Bracing for the next recession

Talk of an impending recession is in the air and is a favorite topic of pundits and prognosticators looking to fill columns and cable news segments. With inflation running above 7% and consumer confidence falling, conditions are ripe for an economic downturn.

But what does it really mean when the economy is in recession?

Conventional wisdom says a recession occurs when the nation’s gross domestic product posts a decline in two consecutive quarters. But that is not quite accurate.

The National Bureau of Economic Research, the private agency that tracks the beginning and ending of recessions, actually looks at far more than just GDP numbers to make a determination of a recession, including production, employment, real income and other indicators.

By those measures, things are not as cut and dried.

While GDP is down and inflation is up, industrial production was up slightly in May and unemployment has been steadily falling for several months. Personal income was up in May as well, so it is a mixed bag of economic statistics.

But there is more to economic realities than just numbers. Monetary and fiscal issues are inherently psychological as well as statistical and it is easy to see a recession looming on the economic horizon. It is no surprise, then, that economics is known as the dismal science.

The wall of noise sounding the alarm of an impending recession makes it difficult to put the economy in perspective. But it is important to remember that economies run in cycles and expansion and growth are the norm.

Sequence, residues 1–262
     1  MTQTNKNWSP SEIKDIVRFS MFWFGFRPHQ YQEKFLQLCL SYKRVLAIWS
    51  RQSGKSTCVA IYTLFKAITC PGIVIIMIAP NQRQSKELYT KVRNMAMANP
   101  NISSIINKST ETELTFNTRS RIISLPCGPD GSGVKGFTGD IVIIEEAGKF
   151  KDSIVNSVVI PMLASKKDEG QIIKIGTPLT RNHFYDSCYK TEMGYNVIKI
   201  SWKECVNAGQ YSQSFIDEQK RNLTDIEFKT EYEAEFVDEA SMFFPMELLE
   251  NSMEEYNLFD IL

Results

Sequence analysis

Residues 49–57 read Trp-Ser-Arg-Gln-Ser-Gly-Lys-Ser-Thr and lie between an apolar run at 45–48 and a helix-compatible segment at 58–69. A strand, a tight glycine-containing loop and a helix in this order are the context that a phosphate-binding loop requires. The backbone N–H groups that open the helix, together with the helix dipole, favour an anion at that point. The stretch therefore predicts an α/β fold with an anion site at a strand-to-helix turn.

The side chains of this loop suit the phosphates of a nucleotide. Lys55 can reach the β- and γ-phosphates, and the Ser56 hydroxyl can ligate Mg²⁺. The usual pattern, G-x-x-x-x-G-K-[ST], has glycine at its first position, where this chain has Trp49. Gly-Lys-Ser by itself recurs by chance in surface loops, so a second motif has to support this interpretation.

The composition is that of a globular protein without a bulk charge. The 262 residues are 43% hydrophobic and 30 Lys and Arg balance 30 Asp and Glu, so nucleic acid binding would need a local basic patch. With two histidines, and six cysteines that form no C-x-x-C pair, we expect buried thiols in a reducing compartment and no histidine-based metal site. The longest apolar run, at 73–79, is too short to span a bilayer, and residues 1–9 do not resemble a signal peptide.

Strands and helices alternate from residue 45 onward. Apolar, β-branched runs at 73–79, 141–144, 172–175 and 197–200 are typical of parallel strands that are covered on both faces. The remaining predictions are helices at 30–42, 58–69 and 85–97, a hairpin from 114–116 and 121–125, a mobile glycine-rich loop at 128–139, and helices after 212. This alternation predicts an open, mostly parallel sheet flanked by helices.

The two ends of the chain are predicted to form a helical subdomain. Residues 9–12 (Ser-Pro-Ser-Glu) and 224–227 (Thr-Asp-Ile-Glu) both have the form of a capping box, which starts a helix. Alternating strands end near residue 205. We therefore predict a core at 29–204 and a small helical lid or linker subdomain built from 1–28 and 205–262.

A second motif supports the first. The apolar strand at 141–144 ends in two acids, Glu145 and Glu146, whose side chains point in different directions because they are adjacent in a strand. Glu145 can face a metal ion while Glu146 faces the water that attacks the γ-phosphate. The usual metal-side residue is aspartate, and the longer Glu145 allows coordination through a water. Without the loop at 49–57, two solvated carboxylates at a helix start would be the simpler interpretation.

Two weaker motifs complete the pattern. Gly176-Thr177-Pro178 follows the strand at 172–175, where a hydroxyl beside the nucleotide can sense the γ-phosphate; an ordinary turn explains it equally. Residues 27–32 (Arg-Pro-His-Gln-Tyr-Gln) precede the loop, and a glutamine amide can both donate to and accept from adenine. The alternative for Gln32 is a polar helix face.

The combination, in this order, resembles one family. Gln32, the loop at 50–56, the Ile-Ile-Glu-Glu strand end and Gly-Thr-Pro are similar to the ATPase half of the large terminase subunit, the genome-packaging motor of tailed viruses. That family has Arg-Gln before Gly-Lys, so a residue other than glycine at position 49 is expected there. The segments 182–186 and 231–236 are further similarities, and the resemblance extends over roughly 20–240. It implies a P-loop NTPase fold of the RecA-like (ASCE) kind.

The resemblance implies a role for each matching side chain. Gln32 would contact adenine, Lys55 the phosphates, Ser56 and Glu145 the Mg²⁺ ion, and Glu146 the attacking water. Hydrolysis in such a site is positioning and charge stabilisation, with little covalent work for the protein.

There have been more than 50 recessionary periods in the U.S. economy, from the Panic of 1785 to the Covid recession of 2020. While that math averages out to a recession about every five years, not all recessions are the same.

In fact, since 1945, the average length of a recession has been 10 months, while the average length of periods of expansion has been 57 months. That is a statistic that consumers, economists and commentators should take to heart.

Too often, economic realities are reduced to a few statistics – GDP, inflation, unemployment, etc. – that are not truly accurate representations of what is really going on. There are a lot of moving parts to a national economy and the impact of up-and-down cycles affects different people and different regions in a variety of ways.

In focusing too much on whether or not a recession is likely to occur, we lose sight of the bigger picture. Too often consumers assume a recession means everything is going badly and hard times are on the way. However, that is not always the case.

Economies are an abstraction, a convenient shorthand for all of our fiscal and financial interactions and how goods and services are created and exchanged. But the numbers generated by economists to paint a picture of the current state of affairs are not the real economy. The real economy is people. Workers and managers, producers and consumers, buyers and sellers. And that is an intangible that no statistical model can truly measure or predict.

It’s been said many times and attributed to several different people, but it is worth remembering there are three great lies in the world: lies, damn lies and statistics.